Singersroom: Like you said, being at a major is much like a factory. Did that ever distort your image on being in the music industry at all?

Emily King: I can see definitely how that can make me a bitter person, but there were a lot of great people that I met and a lot of positive experiences. Everybody’s just trying to survive; it’s not personal. The corporate world has their thing, and it’s proving not to work out, so we have to find alternatives. I don’t feel like I’m jaded or anything like that. I’m looking towards the future.

Singersroom: Then would you ever consider signing with a label again, or is that out the picture at this point?

Emily King: I don’t know. I’ve had offers but I definitely don’t want to repeat history. I have a lot of friends who are artists who did the whole label scene, and now are doing an indie label deal. I guess there are no rules, since people are shaping their deals in new ways. If the right situation comes along, I wouldn’t be opposed.

Singersroom: What would you say is the hardest part about being an independent artist?

Emily King: The hardest part? NO MONEY! [Laughs] That’s definitely a hard part, but it also makes you improvise and try to figure out… ‘How can I do this? How can I do the same thing on a label on my own?’ I didn’t have the big recording budget that I had with the label. It’s definitely hard when you don’t have money… Everything is harder when you don’t have money. But one thing I learned is that friends mean a lot in this world. You have to be good to people and it pays off.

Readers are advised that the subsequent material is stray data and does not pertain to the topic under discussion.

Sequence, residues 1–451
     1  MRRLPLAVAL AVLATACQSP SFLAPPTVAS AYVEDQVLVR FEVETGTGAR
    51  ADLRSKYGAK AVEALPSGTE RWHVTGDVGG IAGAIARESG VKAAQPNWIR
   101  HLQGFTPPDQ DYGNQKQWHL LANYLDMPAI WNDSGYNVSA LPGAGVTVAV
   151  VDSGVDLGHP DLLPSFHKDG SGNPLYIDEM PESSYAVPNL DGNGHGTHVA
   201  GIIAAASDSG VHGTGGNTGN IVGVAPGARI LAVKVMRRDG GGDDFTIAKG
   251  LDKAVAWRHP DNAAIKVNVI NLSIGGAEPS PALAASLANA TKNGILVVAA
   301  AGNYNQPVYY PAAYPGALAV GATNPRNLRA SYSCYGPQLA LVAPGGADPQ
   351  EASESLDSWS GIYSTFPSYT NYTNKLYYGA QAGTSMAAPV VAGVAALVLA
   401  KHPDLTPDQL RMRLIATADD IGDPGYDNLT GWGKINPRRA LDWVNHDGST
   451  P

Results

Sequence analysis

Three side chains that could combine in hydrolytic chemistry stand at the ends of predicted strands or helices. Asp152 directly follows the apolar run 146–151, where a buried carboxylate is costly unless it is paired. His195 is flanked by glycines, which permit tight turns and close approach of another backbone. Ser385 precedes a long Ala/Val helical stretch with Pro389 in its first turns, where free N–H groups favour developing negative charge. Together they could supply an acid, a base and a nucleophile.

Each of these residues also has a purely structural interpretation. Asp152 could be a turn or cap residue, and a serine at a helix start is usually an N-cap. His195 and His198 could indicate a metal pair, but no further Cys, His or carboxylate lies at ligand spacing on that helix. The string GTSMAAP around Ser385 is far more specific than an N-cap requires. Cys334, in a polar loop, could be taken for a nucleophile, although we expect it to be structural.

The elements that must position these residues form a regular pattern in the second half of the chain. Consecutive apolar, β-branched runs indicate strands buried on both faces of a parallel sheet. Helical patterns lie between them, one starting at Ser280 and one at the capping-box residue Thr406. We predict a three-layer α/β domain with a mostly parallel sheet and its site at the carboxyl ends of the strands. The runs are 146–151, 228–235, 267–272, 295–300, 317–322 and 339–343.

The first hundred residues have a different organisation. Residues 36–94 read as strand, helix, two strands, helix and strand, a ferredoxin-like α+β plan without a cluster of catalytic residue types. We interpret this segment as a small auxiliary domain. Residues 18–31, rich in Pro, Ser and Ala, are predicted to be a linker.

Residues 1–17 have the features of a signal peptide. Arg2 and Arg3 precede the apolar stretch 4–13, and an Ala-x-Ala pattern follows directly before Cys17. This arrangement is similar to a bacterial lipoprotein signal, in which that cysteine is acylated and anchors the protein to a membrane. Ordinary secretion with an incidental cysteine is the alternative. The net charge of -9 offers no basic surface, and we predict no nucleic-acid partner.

Singersoom: Isn’t it more rewarding to do everything on your own in a way?

Emily King: It is! It definitely is! I think the most rewarding this is having something that I enjoy. I just want to make music that I like to listen to. That’s kinda my goal in life right now. I just want to keep doing that.

Singersroom: What’s your ultimate goal with music though?

Emily King: I’d like to be more prolific. It took a lot of time to make this, but it was a lot of growing pains and learning how to work equipment and technical stuff. Now that it’s out, I just want to keep releasing music. I want to make as much stuff as I can while I’m here.

Singersroom: [Laughs] So now with your EP out, what’s next for you at this point?

Emily King: I’m working on some more songs. I’d like to release a second batch for a full-length album. And just working with different artists… writing for a couple of artists. I’ve been with my band, and we’ve been rehearsing so we’re going to be doing some shows and the whole tour thing. I’m looking forward to that! I’m just on the grind right now.

Singersroom: What other artists are you working with at this point?

Emily King: There’s a wonderful artist by the name of Jose James, who I have been working on some music with. He’s getting started on an album, and there have been a couple of songs that we’ve been doing together. I’m excited about that.

It’s cool because when you’re with a label, everything is politics. You’re working with this artist for political reasons. Now you’re just ‘Wow we dig you. I dig your work. Let’s connect some how.’ I’ve been able to work with some amazing artists.

Singersroom: Just curious… How do you feel about mainstream music today, as far as what is put on the radio?

Emily King: Some of it I like, some of it I don’t like. [Laughs]. I don’t know… The radio is a little fad, because everything is so controlled. It’s unfortunate, because a lot of people still listen to the radio and they should be able to connect with some of these great artists out here. So hopefully that’s going to have some type of evolution in the next years. But that’s what the Internet is for… People can find it in different ways.
—— By: Interview By Connie Tang